“Comparison Shopping” Shaved $273 Off My Monthly Grocery Budget

published Jul 14, 2023
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Grocery shopping is a chore that eats up hours and devours my bank account at the same time. It’s also the biggest variable expense in my monthly budget. One month, I’m spending big bucks to restock the staple ingredients I use every day, while the next there’s a smaller payout as I cook foods from my freezer. 

I’ve dabbled in grocery pickup, had ingredients delivered a time or two, and even signed up for online market subscriptions. Despite it all, I’ve remained a devoted in-person grocery shopper. Blame it on my desire to browse the shelves myself to find the best deal or perfect ingredient for a recipe, or my tendency to hop from store-to-store buying my favorite brands from various grocers.

So many services keep popping up to help with grocery shopping (which makes sense, as it’s one of the most time-consuming weekly tasks many of us undertake). I wondered if in-person grocery shopping is the best value for my time and money, or if I could be saving both by ordering food online. Would I spend more money online, thanks to higher prices, delivery fees, and service charges? Or would the pull for in-store impulse purchases put the total over the top? Would I devote less time grocery shopping if all of my interaction is on screen, or is it just as efficient to pop into a store on the way home?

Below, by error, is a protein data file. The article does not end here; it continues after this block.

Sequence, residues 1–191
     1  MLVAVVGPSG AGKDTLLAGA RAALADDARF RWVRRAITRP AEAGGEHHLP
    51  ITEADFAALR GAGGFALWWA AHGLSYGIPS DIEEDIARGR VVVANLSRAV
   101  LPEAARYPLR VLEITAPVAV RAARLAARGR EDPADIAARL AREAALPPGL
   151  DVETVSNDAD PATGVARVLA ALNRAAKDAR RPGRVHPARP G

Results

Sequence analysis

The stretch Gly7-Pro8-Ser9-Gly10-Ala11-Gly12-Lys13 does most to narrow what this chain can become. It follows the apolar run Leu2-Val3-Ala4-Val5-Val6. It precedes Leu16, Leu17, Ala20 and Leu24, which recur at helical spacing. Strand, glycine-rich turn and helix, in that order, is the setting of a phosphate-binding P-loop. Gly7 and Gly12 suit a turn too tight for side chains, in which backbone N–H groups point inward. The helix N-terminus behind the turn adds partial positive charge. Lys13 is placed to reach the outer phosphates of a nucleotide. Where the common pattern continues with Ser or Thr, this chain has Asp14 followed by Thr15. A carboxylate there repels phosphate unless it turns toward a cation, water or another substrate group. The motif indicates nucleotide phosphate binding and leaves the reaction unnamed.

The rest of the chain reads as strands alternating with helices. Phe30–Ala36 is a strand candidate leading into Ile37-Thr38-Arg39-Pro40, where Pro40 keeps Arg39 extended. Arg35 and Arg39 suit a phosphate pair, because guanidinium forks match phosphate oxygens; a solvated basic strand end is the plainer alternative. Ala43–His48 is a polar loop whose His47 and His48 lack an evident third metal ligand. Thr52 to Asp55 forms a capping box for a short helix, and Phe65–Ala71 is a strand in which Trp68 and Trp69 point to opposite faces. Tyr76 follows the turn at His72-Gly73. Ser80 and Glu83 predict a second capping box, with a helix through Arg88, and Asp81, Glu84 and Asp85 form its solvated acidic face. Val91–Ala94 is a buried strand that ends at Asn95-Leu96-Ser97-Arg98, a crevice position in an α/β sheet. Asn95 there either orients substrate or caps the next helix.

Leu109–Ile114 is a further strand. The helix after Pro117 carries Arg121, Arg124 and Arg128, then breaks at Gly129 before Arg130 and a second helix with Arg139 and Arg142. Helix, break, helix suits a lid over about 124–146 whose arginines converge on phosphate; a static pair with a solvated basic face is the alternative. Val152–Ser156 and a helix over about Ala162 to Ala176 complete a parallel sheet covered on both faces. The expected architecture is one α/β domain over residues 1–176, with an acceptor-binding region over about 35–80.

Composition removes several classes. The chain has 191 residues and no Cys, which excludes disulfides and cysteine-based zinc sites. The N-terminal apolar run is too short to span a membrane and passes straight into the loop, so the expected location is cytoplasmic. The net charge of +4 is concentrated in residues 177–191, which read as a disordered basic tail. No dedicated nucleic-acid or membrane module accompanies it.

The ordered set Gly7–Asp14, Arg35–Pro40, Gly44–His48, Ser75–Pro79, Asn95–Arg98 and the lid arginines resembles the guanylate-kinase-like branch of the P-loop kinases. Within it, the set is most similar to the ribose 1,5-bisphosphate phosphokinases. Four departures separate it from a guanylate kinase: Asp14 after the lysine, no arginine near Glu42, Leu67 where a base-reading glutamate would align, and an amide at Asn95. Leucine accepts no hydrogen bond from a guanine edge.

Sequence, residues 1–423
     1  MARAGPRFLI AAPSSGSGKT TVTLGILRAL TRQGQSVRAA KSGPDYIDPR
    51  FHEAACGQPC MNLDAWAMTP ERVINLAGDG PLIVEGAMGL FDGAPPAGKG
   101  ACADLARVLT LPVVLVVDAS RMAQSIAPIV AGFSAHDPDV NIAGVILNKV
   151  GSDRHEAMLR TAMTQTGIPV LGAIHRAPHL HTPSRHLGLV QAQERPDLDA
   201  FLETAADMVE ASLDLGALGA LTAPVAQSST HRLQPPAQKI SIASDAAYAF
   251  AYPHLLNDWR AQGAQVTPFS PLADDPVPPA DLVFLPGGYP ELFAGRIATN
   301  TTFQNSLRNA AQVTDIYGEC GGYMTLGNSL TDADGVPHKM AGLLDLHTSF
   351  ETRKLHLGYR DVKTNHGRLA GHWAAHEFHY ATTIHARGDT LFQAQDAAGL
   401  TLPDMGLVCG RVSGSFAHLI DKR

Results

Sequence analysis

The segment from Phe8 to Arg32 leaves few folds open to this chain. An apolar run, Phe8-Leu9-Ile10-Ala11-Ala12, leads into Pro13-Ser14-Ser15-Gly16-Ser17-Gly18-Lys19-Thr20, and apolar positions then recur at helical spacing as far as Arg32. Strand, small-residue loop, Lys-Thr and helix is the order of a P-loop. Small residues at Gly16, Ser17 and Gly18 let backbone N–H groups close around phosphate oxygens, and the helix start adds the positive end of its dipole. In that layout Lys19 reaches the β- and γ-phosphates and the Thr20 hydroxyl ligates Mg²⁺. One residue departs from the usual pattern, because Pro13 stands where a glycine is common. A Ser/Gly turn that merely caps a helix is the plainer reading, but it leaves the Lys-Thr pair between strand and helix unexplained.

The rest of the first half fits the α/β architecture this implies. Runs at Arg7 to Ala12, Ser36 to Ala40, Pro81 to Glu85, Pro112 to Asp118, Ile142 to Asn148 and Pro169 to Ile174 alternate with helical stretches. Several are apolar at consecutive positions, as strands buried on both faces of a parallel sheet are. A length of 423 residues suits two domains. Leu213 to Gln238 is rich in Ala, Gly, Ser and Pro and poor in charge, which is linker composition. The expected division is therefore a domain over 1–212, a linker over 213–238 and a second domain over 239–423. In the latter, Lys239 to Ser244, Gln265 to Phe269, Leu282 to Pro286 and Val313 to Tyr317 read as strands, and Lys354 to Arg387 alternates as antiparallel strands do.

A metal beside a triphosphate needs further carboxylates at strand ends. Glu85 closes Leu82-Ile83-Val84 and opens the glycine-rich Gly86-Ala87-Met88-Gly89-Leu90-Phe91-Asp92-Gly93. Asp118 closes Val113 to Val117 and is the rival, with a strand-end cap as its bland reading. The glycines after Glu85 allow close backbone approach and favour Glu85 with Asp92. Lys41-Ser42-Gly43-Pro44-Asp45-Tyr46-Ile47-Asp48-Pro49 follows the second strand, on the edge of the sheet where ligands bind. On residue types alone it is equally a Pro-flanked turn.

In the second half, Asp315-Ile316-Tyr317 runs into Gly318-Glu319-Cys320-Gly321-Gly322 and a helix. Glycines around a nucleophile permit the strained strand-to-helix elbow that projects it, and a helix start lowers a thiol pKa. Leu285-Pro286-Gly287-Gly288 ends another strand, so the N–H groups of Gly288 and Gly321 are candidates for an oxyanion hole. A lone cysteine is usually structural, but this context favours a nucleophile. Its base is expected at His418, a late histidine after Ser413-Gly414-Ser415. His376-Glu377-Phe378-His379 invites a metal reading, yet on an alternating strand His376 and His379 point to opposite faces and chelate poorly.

To find out for myself, I decided to track my grocery spending and take note of the behavioral elements of the chore. I spent one month grocery shopping only online and another exclusively in-person, and what I found was not what I expected.

Credit: Patty Catalano

Here’s What Happened to My Budget When I Comparison Shopped for Two Months

During the month I spent grocery shopping exclusively on Instacart, I shopped less frequently, placing just three orders versus seven in-person stops at my local Publix. The totals on my receipts were more consistent when ordering online (each order hovering around $70), yet varied widely for in-person shopping trips, ranging from just over $10 on one trip to over $125 on another. I also purchased more items when shopping in-store than when faced with filling a virtual cart. 

What surprised me most was that I spent over twice as much shopping in-person as I did shopping online.